RSS bericht

Abstract

Background

One of the major impediments to the proliferation of endoscopic submucosal dissection (ESD) training in Western countries is the lack of sufficient experts as instructors. One way to address this gap is to develop didactic systems, such as surgical simulators, to support the role of trainers. Cognitive task analysis (CTA) has been used in healthcare for the design and improvement of surgical training programs, and therefore can potentially be used for design of similar systems for ESD.

Objective

The aim of the study was to apply a CTA-based approach to identify the cognitive aspects of performing ESD, and to generate qualitative insights for training.

Materials and methods

Semi-structured interviews were designed based on the CTA framework to elicit knowledge of ESD practitioners relating to the various tasks involved in the procedure. Three observations were conducted of expert ESD trainers either while they performed actual ESD procedures or at a training workshop. Interviews were either conducted over the phone or in person. Interview participants included four experts and four novices. The observation notes and interviews were analyzed for emergent qualitative themes and relationships.

Results

The qualitative analysis yielded thematic insights related to four main cognition-related categories: learning goals/principles, challenges/concerns, strategies, and decision-making. The specific insights under each of these categories were systematically mapped to the various tasks inherent to the ESD procedure.

Conclusions

The CTA approach was applied to identify cognitive themes related to ESD procedural tasks. Insights developed based on the qualitative analysis of interviews and observations of ESD practitioners can be used to inform the design of ESD training systems, such as virtual reality-based simulators.

Abstract

Background

One of the major impediments to the proliferation of endoscopic submucosal dissection (ESD) training in Western countries is the lack of sufficient experts as instructors. One way to address this gap is to develop didactic systems, such as surgical simulators, to support the role of trainers. Cognitive task analysis (CTA) has been used in healthcare for the design and improvement of surgical training programs, and therefore can potentially be used for design of similar systems for ESD.

Objective

The aim of the study was to apply a CTA-based approach to identify the cognitive aspects of performing ESD, and to generate qualitative insights for training.

Materials and methods

Semi-structured interviews were designed based on the CTA framework to elicit knowledge of ESD practitioners relating to the various tasks involved in the procedure. Three observations were conducted of expert ESD trainers either while they performed actual ESD procedures or at a training workshop. Interviews were either conducted over the phone or in person. Interview participants included four experts and four novices. The observation notes and interviews were analyzed for emergent qualitative themes and relationships.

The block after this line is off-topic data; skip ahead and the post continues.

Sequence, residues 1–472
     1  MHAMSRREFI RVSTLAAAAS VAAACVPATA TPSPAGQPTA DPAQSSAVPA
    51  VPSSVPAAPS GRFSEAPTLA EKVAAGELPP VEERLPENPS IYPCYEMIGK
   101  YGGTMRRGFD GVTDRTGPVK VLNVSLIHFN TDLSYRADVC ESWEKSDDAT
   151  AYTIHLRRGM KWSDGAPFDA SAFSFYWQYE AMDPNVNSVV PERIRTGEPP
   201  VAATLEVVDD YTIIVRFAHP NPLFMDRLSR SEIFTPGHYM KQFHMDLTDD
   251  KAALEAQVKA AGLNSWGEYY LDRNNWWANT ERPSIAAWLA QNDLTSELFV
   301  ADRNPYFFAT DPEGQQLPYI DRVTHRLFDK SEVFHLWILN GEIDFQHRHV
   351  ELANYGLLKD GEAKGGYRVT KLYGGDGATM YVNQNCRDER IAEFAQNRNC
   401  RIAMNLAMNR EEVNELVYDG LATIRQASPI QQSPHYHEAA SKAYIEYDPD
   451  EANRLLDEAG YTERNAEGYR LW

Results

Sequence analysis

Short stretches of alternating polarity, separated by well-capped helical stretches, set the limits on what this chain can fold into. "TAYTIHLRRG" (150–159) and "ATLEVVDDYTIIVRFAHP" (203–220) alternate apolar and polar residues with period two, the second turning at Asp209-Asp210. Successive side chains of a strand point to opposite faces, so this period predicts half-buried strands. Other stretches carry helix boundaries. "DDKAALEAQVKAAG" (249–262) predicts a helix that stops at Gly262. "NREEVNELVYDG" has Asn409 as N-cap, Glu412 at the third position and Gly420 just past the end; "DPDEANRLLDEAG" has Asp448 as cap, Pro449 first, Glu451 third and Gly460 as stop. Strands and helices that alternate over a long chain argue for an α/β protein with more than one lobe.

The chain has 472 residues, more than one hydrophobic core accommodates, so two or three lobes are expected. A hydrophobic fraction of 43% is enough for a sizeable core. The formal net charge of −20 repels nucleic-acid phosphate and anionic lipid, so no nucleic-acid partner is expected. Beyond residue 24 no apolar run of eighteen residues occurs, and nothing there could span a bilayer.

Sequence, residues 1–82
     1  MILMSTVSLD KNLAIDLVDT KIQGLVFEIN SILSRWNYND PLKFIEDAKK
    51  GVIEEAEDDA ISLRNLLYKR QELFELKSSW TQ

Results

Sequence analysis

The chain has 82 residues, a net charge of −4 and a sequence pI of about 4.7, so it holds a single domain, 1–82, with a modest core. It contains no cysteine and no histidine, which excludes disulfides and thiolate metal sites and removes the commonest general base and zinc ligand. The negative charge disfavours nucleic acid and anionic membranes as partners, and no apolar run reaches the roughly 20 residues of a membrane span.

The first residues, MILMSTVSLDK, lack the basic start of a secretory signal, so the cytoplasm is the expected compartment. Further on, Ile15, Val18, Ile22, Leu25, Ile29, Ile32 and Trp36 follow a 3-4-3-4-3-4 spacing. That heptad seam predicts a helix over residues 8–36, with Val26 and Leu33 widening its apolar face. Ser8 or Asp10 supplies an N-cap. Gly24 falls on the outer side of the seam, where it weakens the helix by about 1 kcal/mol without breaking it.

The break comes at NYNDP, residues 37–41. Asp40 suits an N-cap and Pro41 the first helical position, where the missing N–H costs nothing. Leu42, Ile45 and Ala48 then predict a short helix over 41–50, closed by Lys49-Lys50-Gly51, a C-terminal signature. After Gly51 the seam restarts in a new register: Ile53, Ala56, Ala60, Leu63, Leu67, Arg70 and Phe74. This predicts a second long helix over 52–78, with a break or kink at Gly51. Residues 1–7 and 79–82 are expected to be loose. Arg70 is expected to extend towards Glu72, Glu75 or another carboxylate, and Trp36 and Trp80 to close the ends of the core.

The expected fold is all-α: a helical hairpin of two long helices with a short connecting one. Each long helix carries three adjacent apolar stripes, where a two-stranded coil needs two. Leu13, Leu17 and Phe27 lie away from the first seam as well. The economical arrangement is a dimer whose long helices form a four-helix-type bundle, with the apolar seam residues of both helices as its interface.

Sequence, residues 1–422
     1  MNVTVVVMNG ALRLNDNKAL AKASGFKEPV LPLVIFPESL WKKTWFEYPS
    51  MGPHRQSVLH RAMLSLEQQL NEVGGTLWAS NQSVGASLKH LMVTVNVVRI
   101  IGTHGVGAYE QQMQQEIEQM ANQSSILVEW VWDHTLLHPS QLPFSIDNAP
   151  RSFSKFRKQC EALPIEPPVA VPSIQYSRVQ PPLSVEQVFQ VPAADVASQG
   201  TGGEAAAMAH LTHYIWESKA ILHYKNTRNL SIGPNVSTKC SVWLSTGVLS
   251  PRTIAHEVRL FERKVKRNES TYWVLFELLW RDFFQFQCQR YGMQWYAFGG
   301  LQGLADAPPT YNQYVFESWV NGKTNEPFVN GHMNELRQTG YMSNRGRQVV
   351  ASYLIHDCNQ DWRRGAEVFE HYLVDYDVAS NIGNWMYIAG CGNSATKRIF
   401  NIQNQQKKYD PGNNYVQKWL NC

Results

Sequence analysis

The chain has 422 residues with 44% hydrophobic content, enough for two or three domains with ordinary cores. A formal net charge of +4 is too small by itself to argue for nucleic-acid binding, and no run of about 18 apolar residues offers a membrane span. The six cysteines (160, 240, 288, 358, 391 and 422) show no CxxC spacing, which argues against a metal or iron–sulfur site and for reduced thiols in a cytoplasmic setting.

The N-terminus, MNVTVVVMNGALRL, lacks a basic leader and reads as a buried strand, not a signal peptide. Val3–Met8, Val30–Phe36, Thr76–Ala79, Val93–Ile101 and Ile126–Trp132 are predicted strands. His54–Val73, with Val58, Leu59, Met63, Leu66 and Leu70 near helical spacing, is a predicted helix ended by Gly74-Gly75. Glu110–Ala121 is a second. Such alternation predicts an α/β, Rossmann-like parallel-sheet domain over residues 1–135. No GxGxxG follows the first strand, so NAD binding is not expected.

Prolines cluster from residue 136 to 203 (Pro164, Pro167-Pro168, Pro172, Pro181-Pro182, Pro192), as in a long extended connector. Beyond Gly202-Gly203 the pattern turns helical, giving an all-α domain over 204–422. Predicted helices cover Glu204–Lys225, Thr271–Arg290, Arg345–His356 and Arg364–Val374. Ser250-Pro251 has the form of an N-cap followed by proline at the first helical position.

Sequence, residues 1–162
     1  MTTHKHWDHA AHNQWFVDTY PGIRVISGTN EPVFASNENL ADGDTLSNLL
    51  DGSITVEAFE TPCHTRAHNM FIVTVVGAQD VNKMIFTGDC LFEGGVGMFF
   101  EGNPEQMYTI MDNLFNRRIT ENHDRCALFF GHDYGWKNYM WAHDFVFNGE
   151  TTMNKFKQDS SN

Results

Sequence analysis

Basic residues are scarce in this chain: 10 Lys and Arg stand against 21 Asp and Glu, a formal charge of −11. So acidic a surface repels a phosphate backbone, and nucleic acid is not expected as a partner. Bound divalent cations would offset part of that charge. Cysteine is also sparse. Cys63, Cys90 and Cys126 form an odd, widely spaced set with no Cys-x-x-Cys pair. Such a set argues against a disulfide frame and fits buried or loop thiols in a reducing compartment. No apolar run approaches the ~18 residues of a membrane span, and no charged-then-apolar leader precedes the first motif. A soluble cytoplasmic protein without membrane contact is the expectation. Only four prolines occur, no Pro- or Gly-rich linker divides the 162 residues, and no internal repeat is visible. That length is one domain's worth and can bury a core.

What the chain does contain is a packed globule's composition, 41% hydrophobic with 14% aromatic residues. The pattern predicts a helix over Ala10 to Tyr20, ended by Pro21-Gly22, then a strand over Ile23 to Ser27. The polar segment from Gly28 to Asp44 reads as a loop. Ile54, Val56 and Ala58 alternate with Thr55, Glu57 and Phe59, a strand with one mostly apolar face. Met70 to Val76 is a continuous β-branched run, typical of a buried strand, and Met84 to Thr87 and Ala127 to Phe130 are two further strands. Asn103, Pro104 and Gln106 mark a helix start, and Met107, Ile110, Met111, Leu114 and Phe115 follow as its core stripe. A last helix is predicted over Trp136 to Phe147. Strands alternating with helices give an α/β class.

Results

The qualitative analysis yielded thematic insights related to four main cognition-related categories: learning goals/principles, challenges/concerns, strategies, and decision-making. The specific insights under each of these categories were systematically mapped to the various tasks inherent to the ESD procedure.

Conclusions

The CTA approach was applied to identify cognitive themes related to ESD procedural tasks. Insights developed based on the qualitative analysis of interviews and observations of ESD practitioners can be used to inform the design of ESD training systems, such as virtual reality-based simulators.

Abstract

Background

One of the major impediments to the proliferation of endoscopic submucosal dissection (ESD) training in Western countries is the lack of sufficient experts as instructors. One way to address this gap is to develop didactic systems, such as surgical simulators, to support the role of trainers. Cognitive task analysis (CTA) has been used in healthcare for the design and improvement of surgical training programs, and therefore can potentially be used for design of similar systems for ESD.

Objective

The aim of the study was to apply a CTA-based approach to identify the cognitive aspects of performing ESD, and to generate qualitative insights for training.

Materials and methods

Semi-structured interviews were designed based on the CTA framework to elicit knowledge of ESD practitioners relating to the various tasks involved in the procedure. Three observations were conducted of expert ESD trainers either while they performed actual ESD procedures or at a training workshop. Interviews were either conducted over the phone or in person. Interview participants included four experts and four novices. The observation notes and interviews were analyzed for emergent qualitative themes and relationships.

Results

The qualitative analysis yielded thematic insights related to four main cognition-related categories: learning goals/principles, challenges/concerns, strategies, and decision-making. The specific insights under each of these categories were systematically mapped to the various tasks inherent to the ESD procedure.

Conclusions

The CTA approach was applied to identify cognitive themes related to ESD procedural tasks. Insights developed based on the qualitative analysis of interviews and observations of ESD practitioners can be used to inform the design of ESD training systems, such as virtual reality-based simulators.